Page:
Luckily, someone already wrote and passed such a law in Pennsylvania. As a result, state agencies, local governments, school boards, and such must conduct business out in the open. Your county commissioners can't get together at the local watering hole after their meeting and keep making policy. They can't hatch up a scheme by email and pass it at the next meeting. The law requires that "any prearranged gathering of an agency which is attended or participated in by a quorum of the members of an agency held for the purpose of deliberating agency business or taking official action" needs to happen in the open.
Un-luckily, the U.S. Senate is not so encumbered. Right now, the upper house is working on its own version of an Obamacare replacement, and trying very hard to keep it out of sight. They have a good reason: once people find out what's in the bill, they may wish the Republicans had left well enough alone, or started with Obamacare and made the necessary technical fixes that should have happened years ago.
Healthcare is hard. The Republicans are charged with crafting a bill that isn't quite as mean as what came out of the House, that simultaneously delivers lower deductibles, more patient choice, no one currently covered losing their insurance, getting rid of the individual mandate, covering pre-existing conditions, covering children until age 26 under their parents' insurance, not cutting Medicaid, and making the whole thing cost less for the Federal Government and individuals without screwing medical professionals. It's not possible. There will be winners and losers, and the losers will be pissed. In the words of Buckaroo Bonsai (during surgery, no less), "No, no, no, don't tug on that. You never know what it might be attached to."
Doing the people's business in the open is important. It has the potential to put significant curbs on:
- Self Dealing: Public officials who are in it for themselves have a much harder time slipping themselves little treats through policy-making when the public can keep in eye on what they're doing. We all remember the bridge to nowhere that didn't happen because we called them on it.
- Amateur Hour: In the example of healthcare, you really should present your ideas to medical professionals, and probably medical billing professionals specifically. If you are in charge of paying medical bills in your household, you know that matching insurance statements to bills is complicated and frustrating work. You really should have people that deal with this stuff all day long look at your plan and let you know where you've done something stupid. In the case of education policy, you should talk to teachers, and students, and administrators, and building custodians. Members of congress are all professionals at something--some were doctors, and lawyers, and business executives (and teachers, and farmers, and...)--but none were all professions. As Sesame Street taught us, asking questions is a good way to find things out.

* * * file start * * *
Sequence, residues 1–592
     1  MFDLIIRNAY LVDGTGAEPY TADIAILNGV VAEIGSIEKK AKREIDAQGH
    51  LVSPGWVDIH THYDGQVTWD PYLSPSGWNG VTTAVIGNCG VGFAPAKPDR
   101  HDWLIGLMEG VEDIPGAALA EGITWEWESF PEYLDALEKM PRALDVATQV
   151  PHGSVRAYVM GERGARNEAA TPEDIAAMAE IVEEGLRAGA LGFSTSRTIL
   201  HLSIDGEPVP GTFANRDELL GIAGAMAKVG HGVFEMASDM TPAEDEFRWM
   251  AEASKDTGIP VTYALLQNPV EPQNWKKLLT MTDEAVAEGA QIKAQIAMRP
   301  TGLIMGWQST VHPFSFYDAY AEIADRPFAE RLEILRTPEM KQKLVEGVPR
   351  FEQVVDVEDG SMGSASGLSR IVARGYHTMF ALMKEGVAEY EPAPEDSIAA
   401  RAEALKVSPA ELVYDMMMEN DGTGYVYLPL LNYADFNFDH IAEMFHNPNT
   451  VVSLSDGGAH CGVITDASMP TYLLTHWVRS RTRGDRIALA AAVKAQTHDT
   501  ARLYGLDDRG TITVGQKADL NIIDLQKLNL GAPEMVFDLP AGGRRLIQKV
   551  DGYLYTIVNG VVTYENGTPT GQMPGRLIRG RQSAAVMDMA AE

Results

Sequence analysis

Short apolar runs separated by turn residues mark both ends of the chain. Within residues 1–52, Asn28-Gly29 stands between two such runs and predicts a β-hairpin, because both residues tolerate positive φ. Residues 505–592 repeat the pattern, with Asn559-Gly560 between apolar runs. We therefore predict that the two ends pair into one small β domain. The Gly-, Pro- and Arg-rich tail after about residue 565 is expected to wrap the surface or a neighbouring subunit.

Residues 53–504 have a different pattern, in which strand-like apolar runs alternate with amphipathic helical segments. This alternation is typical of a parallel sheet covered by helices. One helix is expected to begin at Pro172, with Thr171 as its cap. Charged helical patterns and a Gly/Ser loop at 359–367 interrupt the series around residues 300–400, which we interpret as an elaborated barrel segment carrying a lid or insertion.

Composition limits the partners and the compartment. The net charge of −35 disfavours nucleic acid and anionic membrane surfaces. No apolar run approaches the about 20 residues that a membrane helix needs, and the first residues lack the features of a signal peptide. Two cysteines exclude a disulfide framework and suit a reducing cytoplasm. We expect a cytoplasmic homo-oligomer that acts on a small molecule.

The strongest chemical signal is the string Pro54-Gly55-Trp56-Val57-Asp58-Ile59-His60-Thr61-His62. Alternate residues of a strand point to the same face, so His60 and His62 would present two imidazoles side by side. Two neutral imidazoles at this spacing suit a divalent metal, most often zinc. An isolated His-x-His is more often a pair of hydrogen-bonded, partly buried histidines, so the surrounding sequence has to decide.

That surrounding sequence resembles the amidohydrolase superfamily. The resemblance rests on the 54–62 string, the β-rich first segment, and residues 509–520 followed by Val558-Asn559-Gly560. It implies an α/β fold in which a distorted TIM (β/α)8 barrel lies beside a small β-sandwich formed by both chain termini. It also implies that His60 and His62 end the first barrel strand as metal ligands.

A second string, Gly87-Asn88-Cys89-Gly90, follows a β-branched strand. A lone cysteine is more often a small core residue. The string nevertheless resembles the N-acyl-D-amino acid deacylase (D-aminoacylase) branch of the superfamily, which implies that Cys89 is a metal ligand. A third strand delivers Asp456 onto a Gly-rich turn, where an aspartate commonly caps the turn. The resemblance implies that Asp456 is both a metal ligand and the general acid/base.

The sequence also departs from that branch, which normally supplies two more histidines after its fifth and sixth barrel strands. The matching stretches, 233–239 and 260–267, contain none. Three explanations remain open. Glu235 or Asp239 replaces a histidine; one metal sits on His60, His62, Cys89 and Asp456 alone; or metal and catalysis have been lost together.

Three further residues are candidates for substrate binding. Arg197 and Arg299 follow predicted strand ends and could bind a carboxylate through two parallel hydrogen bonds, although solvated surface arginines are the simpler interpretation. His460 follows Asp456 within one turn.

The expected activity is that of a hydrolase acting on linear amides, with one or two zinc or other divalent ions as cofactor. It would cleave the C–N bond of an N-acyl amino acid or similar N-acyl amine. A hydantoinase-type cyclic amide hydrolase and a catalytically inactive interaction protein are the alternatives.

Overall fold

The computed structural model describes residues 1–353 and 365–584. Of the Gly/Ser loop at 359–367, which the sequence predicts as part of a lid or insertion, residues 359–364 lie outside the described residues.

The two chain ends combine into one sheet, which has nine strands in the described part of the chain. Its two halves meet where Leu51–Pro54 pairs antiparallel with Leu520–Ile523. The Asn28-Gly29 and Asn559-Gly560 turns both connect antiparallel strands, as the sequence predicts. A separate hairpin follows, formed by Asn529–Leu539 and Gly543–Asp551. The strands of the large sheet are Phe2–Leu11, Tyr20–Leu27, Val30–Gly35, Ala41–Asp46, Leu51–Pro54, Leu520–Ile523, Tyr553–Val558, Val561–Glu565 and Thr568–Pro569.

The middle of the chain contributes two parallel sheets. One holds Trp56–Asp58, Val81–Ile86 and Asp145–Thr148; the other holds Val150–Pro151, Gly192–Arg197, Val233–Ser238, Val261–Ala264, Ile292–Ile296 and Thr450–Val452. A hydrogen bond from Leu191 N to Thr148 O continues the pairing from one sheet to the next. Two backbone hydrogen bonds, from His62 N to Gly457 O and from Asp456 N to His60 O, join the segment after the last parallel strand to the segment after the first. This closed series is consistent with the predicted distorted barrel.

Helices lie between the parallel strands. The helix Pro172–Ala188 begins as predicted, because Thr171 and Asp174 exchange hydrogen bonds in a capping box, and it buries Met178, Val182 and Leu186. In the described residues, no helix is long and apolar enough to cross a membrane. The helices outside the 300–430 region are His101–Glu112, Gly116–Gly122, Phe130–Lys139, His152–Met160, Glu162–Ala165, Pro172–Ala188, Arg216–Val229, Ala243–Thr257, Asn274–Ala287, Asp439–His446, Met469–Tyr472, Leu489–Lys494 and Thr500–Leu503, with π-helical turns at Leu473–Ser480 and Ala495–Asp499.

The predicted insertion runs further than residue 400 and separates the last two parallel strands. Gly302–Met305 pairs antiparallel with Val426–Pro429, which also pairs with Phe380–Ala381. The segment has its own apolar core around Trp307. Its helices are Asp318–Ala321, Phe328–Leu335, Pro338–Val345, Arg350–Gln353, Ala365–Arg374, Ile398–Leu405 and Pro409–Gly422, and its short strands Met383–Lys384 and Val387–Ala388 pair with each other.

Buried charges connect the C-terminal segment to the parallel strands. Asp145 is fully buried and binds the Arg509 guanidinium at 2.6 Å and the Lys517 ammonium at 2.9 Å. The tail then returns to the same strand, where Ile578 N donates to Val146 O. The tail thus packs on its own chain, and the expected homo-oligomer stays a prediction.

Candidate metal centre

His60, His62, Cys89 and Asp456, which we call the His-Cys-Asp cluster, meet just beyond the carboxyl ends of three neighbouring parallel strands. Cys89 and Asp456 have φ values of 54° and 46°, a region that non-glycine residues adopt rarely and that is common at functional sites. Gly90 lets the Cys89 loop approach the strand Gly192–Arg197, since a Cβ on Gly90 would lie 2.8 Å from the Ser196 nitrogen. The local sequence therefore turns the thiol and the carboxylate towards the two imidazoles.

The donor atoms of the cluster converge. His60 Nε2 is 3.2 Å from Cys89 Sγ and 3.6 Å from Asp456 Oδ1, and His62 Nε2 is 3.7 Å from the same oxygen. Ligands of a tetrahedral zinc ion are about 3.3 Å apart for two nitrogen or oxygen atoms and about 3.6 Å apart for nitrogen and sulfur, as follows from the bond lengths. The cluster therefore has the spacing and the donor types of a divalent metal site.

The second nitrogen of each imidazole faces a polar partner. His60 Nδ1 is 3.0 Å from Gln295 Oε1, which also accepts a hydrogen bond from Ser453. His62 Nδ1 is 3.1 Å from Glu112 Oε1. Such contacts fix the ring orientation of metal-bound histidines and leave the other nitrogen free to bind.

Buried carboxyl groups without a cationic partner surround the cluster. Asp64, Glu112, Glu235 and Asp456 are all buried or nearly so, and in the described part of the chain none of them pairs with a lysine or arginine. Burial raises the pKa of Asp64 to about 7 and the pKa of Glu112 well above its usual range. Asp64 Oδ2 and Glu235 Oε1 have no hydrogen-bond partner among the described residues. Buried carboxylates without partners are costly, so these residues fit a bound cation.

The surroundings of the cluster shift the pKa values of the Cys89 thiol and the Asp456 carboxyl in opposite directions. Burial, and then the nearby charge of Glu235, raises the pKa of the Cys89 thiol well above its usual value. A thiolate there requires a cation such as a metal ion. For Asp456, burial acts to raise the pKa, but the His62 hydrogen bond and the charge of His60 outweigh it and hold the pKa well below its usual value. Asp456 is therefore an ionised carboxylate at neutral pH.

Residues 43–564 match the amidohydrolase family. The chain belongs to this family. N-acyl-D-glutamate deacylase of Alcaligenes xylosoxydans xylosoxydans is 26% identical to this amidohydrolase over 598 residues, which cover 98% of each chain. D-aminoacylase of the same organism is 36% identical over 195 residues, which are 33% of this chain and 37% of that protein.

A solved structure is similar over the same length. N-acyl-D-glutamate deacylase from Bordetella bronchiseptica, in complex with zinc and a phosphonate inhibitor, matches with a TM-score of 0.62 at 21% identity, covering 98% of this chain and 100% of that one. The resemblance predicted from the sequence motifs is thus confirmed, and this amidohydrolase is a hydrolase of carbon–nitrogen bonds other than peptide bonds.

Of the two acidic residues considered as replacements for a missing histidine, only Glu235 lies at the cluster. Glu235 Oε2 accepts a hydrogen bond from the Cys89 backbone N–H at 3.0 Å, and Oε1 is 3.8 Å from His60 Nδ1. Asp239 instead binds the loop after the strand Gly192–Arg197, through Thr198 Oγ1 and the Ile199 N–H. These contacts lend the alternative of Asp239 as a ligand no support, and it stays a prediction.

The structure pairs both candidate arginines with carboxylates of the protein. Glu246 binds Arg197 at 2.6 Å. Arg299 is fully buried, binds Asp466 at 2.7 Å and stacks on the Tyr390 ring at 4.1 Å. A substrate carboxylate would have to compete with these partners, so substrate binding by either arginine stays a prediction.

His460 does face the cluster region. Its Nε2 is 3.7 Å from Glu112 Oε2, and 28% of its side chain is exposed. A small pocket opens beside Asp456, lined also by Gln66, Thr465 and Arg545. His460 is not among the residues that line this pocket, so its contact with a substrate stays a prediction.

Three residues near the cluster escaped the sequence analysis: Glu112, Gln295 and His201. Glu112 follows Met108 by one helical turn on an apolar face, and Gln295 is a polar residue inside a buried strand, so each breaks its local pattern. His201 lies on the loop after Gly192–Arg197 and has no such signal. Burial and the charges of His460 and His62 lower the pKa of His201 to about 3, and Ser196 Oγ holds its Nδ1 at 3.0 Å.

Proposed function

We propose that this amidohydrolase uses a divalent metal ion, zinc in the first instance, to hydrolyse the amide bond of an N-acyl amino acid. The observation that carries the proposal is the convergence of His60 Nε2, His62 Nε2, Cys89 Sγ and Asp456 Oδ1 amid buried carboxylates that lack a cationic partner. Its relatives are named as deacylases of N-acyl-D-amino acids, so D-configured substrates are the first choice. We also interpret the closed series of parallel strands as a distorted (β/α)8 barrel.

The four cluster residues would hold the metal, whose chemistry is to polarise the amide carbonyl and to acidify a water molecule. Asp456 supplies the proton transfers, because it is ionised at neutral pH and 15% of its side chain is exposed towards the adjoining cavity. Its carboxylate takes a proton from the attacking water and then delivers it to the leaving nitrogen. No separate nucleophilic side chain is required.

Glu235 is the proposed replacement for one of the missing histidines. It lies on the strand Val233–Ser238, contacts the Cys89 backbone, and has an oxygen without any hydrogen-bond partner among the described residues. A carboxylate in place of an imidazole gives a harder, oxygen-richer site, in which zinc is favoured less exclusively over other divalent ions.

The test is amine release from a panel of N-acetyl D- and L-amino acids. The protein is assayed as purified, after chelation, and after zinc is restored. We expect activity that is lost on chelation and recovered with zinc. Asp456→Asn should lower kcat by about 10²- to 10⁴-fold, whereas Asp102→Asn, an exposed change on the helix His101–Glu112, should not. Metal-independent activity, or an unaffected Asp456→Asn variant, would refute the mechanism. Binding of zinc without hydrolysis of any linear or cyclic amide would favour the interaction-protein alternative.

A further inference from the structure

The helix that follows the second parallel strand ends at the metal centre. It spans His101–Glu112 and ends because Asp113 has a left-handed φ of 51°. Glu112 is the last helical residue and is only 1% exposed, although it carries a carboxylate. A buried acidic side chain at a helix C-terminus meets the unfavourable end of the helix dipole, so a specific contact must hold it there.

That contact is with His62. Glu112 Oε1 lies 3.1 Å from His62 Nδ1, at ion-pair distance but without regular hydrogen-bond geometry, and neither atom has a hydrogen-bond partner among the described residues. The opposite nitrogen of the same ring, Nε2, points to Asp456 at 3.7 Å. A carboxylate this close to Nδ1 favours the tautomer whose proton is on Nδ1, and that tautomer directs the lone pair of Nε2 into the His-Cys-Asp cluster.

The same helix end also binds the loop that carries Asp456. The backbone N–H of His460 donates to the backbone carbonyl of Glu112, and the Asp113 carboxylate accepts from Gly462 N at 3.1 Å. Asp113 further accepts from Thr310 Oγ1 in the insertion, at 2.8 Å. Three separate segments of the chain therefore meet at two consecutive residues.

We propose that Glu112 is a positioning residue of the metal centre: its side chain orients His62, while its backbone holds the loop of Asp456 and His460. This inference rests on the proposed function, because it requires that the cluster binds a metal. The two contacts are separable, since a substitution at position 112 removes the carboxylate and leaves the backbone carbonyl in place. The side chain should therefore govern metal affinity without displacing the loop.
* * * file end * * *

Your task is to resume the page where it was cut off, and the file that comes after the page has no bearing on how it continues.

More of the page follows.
- Evil: Even if the policy isn't a personal grab, as described in 1, above, it is possible for policy-making to leap right over foolish, past misguided, and land directly on evil. The ACHA, for example, took the hated individual mandate and changed it from a tax to help fund other parts of the law and converted it to a giveaway to insurance companies.
- Nasty Surprises: Not putting the Obamacare replacement through the wringer of public scrutiny means that there will be stuff lurking in there that no one will know about until they get sick or injured. Obamacare itself went through endless hearings and still ended up with some crap in there that someone should have cleaned up before it went live. Having lots of people look this over before it becomes law could keep unintended (or intended, but evil) provisions from sneaking through.
- Legislative Hangover: Obamacare never enjoyed a whole lot of public love. The law is byzantine, numbering thousands of pages and cluttered with awkward compromises. The website roll-out was botched, and the implementation of most of the provisions were delayed enough that people could get good and grouchy about them before they saw any benefit (see also: here). Still, the Republican bill faces an even stronger backlash because it's enjoying such secrecy now. Also, given the total lack of Democratic buy-in, Trumpcare will face the same fate of needing to be perfect on the first draft with no way to tweak it down the line. Technical fixes will need 60 votes, since "reconciliation" will have been exhausted.
Elected officials are supposed to convert the will of the people into public policy. Republicans are very interested in keeping their promise to repeal-and-replace, so much so that they don't really care about the actual result. Getting them to care is our job, through whatever light or heat we can introduce.